Osmel Almaguer 

Photo: Caridad

Thalia is a seven-year-old girl who doesn’t live with her mother or her father.  Nor does she stay with her grandparents, uncles or any other relatives.  Her family members aren’t dead, which is why she’s never stepped foot into an orphanage.  Thalia has spent most of her still short life in the house of some old folks that her mother met by chance.

When her mother left her father she was already pregnant.  I have no idea if she was aware of her condition, but what’s certain is that this woman didn’t realize she was having a child until the baby was born.  Despite the mother’s effort to then conceal the baby’s existence, the father found out by chance and, starting from there, so began his odyssey to get closer to his daughter.

His efforts to know her would soon turn into concrete administrative steps to win legal custody of the girl when he found out that the mother had left Thalia over at the house of some neighbors who she knew only because they lived near her job.

The plodding speed of justice meant that all of the father’s effort to see his daughter were translated into short visits, yet and still, he gradually began to win her affection.  A short time later time later he collided with the harsh reality that the mother had left for Granma, her native province, taking Thalia with her.

Once there, she gave the baby to the old people I referred to at a beginning.  A while later the father found out that the plan was to sell Thalia to the old people’s children, who live abroad.  Luckily, in order to take the girl, the “buyers” needed the signature of the father, who of course refused to grant it.

From then on the situation stagnated.  Neither of the two gave in, nor was there much headway in the legal terrain.  Thalia continued growing up under the care of the old folks, and judging from the little girl’s behavior she was receiving a morally questionable education.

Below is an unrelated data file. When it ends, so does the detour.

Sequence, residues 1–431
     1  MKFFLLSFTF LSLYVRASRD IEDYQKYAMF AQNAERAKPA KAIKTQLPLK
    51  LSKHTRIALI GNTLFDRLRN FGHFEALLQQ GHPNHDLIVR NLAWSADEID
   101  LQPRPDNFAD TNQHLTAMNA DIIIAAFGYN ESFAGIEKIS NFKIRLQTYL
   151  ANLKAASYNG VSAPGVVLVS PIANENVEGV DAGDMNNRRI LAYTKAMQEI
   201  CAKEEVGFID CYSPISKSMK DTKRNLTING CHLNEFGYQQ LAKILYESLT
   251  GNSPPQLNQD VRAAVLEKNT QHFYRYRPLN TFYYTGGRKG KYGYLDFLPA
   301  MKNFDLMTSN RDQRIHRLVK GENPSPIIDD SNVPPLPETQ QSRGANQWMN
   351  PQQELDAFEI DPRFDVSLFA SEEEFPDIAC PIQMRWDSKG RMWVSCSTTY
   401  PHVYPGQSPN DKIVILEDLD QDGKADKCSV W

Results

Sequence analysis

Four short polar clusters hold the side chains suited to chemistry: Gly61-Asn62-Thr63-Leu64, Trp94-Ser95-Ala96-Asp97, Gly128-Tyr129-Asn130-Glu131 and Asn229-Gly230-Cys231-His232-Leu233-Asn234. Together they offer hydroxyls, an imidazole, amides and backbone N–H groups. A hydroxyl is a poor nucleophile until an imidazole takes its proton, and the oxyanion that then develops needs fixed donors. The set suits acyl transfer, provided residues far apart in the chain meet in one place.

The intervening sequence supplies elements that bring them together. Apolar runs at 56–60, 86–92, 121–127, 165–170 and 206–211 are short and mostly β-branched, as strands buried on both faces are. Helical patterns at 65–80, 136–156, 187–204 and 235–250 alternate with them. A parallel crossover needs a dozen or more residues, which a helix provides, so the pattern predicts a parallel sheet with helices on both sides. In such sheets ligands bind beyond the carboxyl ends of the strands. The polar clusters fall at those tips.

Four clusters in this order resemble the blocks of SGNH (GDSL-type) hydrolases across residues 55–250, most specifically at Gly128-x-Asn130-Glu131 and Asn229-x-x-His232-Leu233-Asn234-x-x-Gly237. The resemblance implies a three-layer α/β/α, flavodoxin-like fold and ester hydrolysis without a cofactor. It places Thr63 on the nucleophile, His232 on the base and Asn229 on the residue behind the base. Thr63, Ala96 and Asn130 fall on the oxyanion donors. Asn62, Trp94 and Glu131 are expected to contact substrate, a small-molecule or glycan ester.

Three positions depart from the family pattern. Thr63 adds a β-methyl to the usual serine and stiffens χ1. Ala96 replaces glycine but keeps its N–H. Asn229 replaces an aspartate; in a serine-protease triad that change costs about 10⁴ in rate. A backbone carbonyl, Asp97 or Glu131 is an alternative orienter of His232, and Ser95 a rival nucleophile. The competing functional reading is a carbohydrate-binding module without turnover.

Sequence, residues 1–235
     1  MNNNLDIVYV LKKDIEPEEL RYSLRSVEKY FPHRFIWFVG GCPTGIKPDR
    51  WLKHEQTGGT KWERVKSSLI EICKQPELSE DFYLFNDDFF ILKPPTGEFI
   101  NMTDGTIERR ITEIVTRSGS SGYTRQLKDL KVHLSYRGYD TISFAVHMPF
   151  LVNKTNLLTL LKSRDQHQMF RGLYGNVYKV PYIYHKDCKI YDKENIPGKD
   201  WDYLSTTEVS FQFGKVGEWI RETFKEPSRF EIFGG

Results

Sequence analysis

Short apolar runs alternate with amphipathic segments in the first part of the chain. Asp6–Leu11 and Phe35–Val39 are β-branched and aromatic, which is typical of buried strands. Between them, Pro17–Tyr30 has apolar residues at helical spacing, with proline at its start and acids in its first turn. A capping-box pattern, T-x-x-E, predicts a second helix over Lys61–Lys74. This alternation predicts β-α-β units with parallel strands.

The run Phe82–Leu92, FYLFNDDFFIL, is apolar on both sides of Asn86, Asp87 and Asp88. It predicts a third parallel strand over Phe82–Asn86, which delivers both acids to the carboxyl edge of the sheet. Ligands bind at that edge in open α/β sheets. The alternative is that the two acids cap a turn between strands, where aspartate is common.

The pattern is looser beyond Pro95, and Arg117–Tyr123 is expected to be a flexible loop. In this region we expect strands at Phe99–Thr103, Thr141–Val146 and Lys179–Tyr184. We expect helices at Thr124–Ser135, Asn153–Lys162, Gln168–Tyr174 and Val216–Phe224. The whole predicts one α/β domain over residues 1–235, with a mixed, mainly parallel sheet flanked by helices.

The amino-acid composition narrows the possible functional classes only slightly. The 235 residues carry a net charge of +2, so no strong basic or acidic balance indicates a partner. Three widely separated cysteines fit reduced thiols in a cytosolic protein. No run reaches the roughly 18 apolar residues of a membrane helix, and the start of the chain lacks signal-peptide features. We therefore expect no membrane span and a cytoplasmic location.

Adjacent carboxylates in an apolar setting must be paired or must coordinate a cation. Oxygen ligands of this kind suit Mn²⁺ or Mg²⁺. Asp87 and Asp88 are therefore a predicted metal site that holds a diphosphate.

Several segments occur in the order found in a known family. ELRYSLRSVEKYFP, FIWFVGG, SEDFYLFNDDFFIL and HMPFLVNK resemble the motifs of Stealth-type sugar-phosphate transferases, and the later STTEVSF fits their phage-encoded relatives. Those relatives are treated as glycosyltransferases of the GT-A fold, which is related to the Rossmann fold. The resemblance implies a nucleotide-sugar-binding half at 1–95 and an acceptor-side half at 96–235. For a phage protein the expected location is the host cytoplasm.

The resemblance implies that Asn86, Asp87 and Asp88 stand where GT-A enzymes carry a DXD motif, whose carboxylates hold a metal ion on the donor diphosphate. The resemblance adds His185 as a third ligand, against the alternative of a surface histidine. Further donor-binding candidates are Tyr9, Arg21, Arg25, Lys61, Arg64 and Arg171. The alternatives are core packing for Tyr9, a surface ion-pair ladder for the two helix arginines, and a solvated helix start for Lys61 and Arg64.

Recently a legal decision was made in the father’s favor requiring Thalia to spend her vacations with him.  During that time he would attempt to work things out so that his daughter could stay with him permanently.   Although she’s a minor, and therefore her opinion is not legally valid, Thalia says she would prefer to stay with her father.

The most curious of all is that if her father doesn’t return her to those old strangers who’ve been taking care of her, he could be charged with kidnapping.  It’s a shame how blind the law can be in some cases, turning innocent people into the victims of ambition and spitefulness.

 


osmel

Osmel Almaguer:Until recently I would to identify myself as a poet, a cultural promoter and a university student. Now that my notions on poetry have changed slightly, that I got a new job, and that I have finished my studies, I’m forced to ask myself: Am I a different person? In our introductions, we usually mention our social status instead of looking within ourselves for those characteristics that define us as unique and special. The fact that I’m scared of spiders, that I’ve never learned to dance, that I get upset over the simplest things, that culminating moments excite me, that I’m a perfectionist, composed but impulsive, childish but antiquated: these are clues that lead to who I truly am.

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